The Yerkes-Dodson Law predicts how people react to stress. It's also one of the most contested — and skewed — laws in psychology. Find out about the 1908 experiment that shocked lab mice, and then the world. In that order.
The Yerkes-Dodson Experiment
I remember, back in health class, hearing that, while a too much stress destroyed a person's performance, a little bit of stress made them perform at their best. It made them alert and ready to spring into action. I didn't quite believe it then, and having gone into the fast-paced, high-stakes world of writing in my pajamas, I don't believe it now. It turns out that the question wasn't nearly as settled as the health teachers at my school made me believe.
The entire story goes back to 1908, when Robert Yerkes and John Dillingham Dodson decided to engage in that most popular activity of psychologists — being horrible to lab rats. These particular lab rats were made to choose between a black door and a white door under different lighting conditions. They were corrected, when they made the wrong choice, by a series of electrical shocks. Yerkes and Dodson noticed that mild shocks improved the rats' performance. Slightly increasing the shocks increased the performance, until a certain point, after which it greatly decreased the performance. A chart of the shock-strength versus performance forms an inverted U. The Inverted U shape became the standard for modeling performance under stress. A little stress, and performance improved. Too much and it suffered.
The Yerkes-Dodson Law
This idea of stress improving performance, up to a point, became a truism in the psychological community. It was called the Yerkes-Dodson Law. It's not Yerkes' or Dodson's fault that became so famous. In the original experiment, they never claimed to know the inner workings of the rats' minds, they simply charted how they performed. It was others who attributed their performance to stress, and then supposed rats and humans had similar responses.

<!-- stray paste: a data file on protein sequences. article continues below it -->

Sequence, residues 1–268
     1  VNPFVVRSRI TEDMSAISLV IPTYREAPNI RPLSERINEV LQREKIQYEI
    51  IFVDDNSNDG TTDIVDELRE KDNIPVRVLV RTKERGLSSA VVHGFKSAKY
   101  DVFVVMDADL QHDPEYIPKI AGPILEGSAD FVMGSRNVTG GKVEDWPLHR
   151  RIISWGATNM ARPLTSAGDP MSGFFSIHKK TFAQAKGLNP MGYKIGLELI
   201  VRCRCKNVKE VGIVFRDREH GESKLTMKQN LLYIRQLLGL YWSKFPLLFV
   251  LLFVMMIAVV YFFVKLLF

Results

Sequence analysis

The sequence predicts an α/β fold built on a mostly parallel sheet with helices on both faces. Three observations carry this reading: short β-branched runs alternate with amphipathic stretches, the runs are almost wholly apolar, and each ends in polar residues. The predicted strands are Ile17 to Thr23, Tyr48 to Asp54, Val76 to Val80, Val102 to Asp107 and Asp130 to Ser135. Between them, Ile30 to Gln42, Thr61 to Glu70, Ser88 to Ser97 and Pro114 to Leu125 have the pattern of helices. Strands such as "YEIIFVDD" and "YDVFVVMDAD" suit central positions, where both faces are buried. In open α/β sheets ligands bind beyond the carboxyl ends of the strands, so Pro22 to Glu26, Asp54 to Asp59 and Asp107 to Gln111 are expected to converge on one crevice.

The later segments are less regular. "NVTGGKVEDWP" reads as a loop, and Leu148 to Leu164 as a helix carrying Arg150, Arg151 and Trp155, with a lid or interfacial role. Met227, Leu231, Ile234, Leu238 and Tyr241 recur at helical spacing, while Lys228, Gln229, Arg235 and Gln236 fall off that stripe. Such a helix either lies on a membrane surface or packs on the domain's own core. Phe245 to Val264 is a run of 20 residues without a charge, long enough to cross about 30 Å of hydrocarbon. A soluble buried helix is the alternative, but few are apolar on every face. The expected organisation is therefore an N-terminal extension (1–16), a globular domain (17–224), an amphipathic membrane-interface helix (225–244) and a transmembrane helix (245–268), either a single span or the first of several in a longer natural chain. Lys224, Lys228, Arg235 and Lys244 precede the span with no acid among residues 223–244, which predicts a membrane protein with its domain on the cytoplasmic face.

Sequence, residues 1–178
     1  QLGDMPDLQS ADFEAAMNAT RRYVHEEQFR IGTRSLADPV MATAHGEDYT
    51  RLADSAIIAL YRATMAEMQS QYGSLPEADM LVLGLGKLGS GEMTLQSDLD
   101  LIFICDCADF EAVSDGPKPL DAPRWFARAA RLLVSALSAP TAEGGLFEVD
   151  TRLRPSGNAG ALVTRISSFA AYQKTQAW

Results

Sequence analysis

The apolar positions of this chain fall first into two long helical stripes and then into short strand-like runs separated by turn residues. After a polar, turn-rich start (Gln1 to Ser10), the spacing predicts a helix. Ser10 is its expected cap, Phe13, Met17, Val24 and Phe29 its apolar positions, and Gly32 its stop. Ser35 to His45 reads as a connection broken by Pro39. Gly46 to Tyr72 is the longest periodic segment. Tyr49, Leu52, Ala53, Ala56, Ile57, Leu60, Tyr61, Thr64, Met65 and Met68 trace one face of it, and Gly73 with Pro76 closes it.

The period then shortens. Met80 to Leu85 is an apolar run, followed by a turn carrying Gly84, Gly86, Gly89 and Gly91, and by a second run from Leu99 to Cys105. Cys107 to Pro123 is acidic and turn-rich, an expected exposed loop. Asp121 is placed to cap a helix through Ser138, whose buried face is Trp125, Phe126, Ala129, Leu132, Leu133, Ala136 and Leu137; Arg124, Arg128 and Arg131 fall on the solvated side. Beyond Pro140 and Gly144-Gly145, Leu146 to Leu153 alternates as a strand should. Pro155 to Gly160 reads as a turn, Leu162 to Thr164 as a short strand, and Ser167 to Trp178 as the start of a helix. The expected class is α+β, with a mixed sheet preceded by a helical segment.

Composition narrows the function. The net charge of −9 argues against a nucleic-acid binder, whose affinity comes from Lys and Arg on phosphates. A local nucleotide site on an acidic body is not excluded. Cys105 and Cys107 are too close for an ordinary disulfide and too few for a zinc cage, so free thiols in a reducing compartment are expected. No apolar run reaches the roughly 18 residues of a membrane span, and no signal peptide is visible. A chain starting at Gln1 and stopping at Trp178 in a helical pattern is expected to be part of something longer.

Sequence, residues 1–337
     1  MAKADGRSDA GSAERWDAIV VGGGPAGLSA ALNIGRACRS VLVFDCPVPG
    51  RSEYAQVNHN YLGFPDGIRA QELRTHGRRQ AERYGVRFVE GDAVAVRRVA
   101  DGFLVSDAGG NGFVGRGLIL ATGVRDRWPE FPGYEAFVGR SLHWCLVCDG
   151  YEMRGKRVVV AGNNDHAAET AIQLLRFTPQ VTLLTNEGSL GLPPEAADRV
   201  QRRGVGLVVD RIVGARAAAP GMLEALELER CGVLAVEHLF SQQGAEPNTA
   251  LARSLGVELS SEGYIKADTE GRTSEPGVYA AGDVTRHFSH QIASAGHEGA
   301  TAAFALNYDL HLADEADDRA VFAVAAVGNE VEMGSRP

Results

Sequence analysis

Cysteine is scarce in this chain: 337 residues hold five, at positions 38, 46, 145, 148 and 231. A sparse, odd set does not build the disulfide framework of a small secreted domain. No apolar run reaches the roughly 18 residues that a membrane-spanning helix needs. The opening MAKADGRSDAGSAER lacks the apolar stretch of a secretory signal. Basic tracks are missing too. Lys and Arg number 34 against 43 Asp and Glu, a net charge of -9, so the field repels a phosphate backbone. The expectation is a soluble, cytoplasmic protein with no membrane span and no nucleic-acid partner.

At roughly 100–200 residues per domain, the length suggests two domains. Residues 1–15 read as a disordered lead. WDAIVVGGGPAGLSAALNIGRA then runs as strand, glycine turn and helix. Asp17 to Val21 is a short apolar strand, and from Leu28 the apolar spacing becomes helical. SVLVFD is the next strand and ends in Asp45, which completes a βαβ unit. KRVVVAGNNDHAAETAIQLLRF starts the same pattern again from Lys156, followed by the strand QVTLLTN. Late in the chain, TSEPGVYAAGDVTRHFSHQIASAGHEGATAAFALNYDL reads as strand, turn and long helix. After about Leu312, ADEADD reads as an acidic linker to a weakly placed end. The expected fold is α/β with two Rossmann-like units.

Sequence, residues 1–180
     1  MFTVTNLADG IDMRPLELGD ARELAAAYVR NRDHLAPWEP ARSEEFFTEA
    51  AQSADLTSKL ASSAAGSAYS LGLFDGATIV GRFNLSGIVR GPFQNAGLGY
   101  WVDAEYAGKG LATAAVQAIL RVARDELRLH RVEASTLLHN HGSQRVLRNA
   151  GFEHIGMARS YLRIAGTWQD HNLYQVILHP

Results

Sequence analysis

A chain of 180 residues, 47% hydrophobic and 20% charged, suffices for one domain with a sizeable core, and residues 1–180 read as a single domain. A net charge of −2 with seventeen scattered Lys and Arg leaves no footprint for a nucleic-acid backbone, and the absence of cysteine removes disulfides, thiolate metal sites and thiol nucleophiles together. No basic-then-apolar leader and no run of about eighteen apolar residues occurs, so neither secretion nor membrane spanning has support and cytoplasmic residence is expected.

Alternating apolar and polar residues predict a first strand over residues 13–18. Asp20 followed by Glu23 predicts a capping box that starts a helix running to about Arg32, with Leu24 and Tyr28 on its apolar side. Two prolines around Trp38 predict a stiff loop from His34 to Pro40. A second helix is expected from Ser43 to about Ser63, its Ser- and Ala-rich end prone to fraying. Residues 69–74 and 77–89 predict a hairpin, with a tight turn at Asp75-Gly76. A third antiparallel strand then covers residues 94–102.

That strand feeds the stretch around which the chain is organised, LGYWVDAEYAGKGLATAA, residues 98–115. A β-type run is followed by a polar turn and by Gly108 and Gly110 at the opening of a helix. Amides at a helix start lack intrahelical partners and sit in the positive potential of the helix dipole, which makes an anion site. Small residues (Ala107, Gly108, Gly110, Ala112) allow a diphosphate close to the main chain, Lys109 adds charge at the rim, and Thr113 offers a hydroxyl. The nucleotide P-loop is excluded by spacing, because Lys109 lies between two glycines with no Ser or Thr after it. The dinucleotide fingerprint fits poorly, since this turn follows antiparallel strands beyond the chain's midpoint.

Through the years, researchers have repeated the experiment, sometimes with other animals, and found all kinds of different responses, depending on species and the exact set-up of the experiment. Some animals grow accustomed to the shocks physically, and stop responding to them, but their overall performance suffers. In that case, increase in stressors does nothing to improve performance. It's just a steady slope downhill. At the same time, similar experiments were being done with rats showed traditional Inverted U outcomes. Rats that were oxygen-deprived followed the curve on tests. Rats given swim tests also fit the curve. Rats, overall, seem to be very consistent with an inverted U.
What about humans? Many organization have studied performance under stress, including NASA. (Wouldn't it be amazing if Buzz Aldrin got his name for doing well in a Yerkes-Dodson Test?) Overall, results show that humans are... complicated.
How we respond to stress depends on our goals, our emotional make-up, and the kind of stress involved. It's not surprising that, if the stress in question is sleep-deprivation, no amount of it will improve performance. There's also the question of what performance you want to affect. Studies found that loss of sleep will slow a person down, but surprisingly won't do too much to their accuracy. Heat and noise, on the other hand will take out accuracy, but not speed. Different stressors do different things to our ability. It's better to gather specific data than rely on a general law.
Top Image: Alexey Krasavin